Apprehension Adjustment: Helping Your Freshman Fret Less

In my first post I talked about the very, very important topic of anxiety in college students. Once again, as the fall semester is taking off, I’d like to remind you of how important it is to be aware that depression, anxiety, and—most unfortunately—even suicides are growing problems at colleges and universities across America.

That said, my intent isn’t to make every parent who reads my blog panic. The truth is, while stress can escalate to dangerous levels, it’s actually very normal for new college students to feel anxious. After all, college means a lot of big changes! Your student will be leaving the familiar faces and surroundings of high school and getting used to a totally new environment away from his support system. Plus, even if he doesn’t admit it to you, he’s probably at least a little concerned about doing well in his classes. In these kinds of circumstances, jitters are totally understandable.

The best news for us parents is that educating yourself about how you can deal with (and possibly alleviate) your student’s anxiety can make a huge difference in the kind of college experience he has. My own son won’t start college for another two years, but since this topic is close to my heart, I’m already reading up on it and talking to friends who have been there, and I would like to share a few things I’ve learned with you:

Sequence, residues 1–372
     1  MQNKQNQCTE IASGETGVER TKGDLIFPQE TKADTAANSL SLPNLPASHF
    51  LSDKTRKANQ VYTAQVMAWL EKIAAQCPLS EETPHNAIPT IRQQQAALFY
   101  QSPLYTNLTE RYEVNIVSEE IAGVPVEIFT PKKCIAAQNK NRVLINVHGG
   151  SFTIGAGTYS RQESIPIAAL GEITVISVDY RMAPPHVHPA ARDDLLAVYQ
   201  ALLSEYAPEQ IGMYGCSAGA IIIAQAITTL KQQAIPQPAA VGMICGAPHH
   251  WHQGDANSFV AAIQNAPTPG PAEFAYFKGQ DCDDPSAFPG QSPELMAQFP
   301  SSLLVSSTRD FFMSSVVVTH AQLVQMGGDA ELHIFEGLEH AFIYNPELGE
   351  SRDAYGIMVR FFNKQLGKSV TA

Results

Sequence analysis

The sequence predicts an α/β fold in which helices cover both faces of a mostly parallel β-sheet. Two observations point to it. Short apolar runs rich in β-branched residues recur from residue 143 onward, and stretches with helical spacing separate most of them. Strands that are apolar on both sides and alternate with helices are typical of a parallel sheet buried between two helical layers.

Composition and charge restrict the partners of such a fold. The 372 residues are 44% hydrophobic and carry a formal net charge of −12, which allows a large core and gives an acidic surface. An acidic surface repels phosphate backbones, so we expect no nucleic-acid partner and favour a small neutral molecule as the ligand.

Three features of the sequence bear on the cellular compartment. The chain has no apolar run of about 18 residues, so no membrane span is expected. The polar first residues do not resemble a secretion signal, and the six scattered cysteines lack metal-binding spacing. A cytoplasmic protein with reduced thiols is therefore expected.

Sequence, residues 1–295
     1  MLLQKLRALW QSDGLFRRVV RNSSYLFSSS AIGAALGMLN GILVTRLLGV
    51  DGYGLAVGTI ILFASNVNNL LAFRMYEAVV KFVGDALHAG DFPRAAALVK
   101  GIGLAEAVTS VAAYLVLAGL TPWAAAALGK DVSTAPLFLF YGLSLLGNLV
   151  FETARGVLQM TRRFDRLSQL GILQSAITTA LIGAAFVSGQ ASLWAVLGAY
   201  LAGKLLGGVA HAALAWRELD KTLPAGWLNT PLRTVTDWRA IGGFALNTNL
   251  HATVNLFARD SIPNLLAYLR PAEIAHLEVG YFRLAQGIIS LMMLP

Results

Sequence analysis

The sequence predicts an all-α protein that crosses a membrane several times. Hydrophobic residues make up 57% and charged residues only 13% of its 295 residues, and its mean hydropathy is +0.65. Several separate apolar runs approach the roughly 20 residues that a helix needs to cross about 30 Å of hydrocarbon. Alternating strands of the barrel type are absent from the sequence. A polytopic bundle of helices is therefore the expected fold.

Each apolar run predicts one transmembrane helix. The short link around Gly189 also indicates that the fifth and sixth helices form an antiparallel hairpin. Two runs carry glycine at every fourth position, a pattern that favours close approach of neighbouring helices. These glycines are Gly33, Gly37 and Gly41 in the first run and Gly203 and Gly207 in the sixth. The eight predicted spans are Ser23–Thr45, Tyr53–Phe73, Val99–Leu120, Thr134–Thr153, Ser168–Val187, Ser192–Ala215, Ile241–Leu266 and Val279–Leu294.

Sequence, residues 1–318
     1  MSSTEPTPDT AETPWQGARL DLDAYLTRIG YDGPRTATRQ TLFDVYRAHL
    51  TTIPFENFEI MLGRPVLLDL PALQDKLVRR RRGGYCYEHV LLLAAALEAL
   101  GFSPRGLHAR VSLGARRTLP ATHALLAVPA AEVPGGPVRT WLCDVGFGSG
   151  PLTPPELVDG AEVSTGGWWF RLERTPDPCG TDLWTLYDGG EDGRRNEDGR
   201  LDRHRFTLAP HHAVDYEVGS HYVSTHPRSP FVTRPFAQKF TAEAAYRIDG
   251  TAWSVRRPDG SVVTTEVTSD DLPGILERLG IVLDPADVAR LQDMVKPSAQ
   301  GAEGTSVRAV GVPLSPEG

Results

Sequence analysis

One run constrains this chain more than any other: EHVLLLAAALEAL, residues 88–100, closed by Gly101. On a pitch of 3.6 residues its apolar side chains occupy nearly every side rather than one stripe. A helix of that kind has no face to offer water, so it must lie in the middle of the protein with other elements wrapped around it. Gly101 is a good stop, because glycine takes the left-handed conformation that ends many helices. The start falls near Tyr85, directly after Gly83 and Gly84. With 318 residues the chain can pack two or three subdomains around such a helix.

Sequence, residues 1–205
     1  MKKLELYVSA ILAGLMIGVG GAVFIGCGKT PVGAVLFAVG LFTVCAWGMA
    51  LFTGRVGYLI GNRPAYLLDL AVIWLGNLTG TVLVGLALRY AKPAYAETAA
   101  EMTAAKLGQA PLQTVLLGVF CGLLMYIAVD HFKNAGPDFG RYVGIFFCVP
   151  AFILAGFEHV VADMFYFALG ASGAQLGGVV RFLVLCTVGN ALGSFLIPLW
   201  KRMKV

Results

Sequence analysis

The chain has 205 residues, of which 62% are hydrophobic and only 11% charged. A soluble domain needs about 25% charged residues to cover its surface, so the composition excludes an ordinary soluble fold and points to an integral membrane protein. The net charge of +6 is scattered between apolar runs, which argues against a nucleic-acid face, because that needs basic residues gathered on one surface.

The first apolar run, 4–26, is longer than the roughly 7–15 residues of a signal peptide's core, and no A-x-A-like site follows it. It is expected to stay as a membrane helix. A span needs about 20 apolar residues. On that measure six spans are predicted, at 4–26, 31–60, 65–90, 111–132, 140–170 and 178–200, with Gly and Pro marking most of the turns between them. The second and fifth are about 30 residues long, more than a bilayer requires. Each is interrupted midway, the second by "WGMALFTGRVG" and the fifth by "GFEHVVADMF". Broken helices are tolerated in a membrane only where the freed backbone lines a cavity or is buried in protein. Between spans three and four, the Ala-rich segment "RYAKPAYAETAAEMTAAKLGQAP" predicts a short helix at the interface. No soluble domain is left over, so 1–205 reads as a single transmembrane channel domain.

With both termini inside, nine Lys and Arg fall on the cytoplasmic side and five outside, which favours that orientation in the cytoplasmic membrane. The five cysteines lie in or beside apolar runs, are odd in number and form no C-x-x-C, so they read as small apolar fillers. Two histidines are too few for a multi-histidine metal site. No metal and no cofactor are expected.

• You can help take the edge off by making a few plans together. Specify when you will see each other next—being able to look forward to a planned visit or two can make the future seem much less intimidating and give everyone something to look forward to. For instance, you can come to your child’s campus for the homecoming football game, and he can come home for fall break. Also, take advantage of technology like Skype and set (and keep) a weekly date.
  • Follow your child’s lead. Yes, it can be difficult for us parents to suppress our instinct to protect and guide our children at all times. However, try to remind yourself that college is the time when your child is supposed to begin coming into her own. So if she’s ecstatic to be leaving home, do your best to swallow your melancholy and be happy with her. On the other hand, if she seems a bit wary of being out by herself, don’t be overly excited about your impending empty-nester freedom or chime in with your own worries. Instead, help her to talk through her anxiety. Lastly, allow her to guide college-to-home communication. Remember that the phone is not supposed to be an umbilical cord, and it’s okay to be a bit disconnected from your teen if that’s what she wants. And if your child prefers email, get on the digital train.
  • Don’t downplay your child’s worries. If your child calls home and says that she is worried or depressed, always talk to her about what could be causing her feelings. Even if you honestly think she might be overreacting, don’t assume that things will work themselves out in a few months. Ask if she’s under a lot of academic pressure. Does she have problems with her roommate? Is she homesick? Remember that adjusting to college is different for everyone: some may take days; some may take months. If your student does not seem to be adjusting at all and has been homesick for weeks, it might be good to suggest that she look for resources through the counseling and wellness department at her school.